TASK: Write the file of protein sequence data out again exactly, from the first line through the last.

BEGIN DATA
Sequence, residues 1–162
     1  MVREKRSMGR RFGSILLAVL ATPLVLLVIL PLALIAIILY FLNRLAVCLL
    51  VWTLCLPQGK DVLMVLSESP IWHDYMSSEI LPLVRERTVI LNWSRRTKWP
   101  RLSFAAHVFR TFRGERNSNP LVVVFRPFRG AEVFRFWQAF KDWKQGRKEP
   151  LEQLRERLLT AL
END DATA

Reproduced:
Sequence, residues 1–162
     1  MVREKRSMGR RFGSILLAVL ATPLVLLVIL PLALIAIILY FLNRLAVCLL
    51  VWTLCLPQGK DVLMVLSESP IWHDYMSSEI LPLVRERTVI LNWSRRTKWP
   101  RLSFAAHVFR TFRGERNSNP LVVVFRPFRG AEVFRFWQAF KDWKQGRKEP
   151  LEQLRERLLT AL